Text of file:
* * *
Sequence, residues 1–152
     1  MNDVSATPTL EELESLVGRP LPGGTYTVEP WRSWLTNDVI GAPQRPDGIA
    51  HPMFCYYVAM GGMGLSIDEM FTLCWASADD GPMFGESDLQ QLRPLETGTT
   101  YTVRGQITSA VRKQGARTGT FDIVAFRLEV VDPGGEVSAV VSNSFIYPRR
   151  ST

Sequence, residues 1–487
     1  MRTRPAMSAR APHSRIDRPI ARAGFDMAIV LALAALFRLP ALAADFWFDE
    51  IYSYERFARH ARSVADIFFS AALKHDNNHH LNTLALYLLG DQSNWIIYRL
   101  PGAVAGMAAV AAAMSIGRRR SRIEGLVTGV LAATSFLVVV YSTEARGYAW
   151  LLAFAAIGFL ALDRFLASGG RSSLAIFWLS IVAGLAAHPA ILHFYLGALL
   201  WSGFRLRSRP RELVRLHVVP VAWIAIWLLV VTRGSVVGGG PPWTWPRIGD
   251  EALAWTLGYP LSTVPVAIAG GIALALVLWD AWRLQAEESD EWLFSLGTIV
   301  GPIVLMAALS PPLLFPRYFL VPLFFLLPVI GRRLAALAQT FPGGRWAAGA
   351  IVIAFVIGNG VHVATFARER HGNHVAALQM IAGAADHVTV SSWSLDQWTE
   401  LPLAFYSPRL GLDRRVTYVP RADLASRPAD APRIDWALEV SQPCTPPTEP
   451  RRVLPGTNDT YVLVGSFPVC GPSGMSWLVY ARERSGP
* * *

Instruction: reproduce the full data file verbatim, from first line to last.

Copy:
Sequence, residues 1–152
     1  MNDVSATPTL EELESLVGRP LPGGTYTVEP WRSWLTNDVI GAPQRPDGIA
    51  HPMFCYYVAM GGMGLSIDEM FTLCWASADD GPMFGESDLQ QLRPLETGTT
   101  YTVRGQITSA VRKQGARTGT FDIVAFRLEV VDPGGEVSAV VSNSFIYPRR
   151  ST

Sequence, residues 1–487
     1  MRTRPAMSAR APHSRIDRPI ARAGFDMAIV LALAALFRLP ALAADFWFDE
    51  IYSYERFARH ARSVADIFFS AALKHDNNHH LNTLALYLLG DQSNWIIYRL
   101  PGAVAGMAAV AAAMSIGRRR SRIEGLVTGV LAATSFLVVV YSTEARGYAW
   151  LLAFAAIGFL ALDRFLASGG RSSLAIFWLS IVAGLAAHPA ILHFYLGALL
   201  WSGFRLRSRP RELVRLHVVP VAWIAIWLLV VTRGSVVGGG PPWTWPRIGD
   251  EALAWTLGYP LSTVPVAIAG GIALALVLWD AWRLQAEESD EWLFSLGTIV
   301  GPIVLMAALS PPLLFPRYFL VPLFFLLPVI GRRLAALAQT FPGGRWAAGA
   351  IVIAFVIGNG VHVATFARER HGNHVAALQM IAGAADHVTV SSWSLDQWTE
   401  LPLAFYSPRL GLDRRVTYVP RADLASRPAD APRIDWALEV SQPCTPPTEP
   451  RRVLPGTNDT YVLVGSFPVC GPSGMSWLVY ARERSGP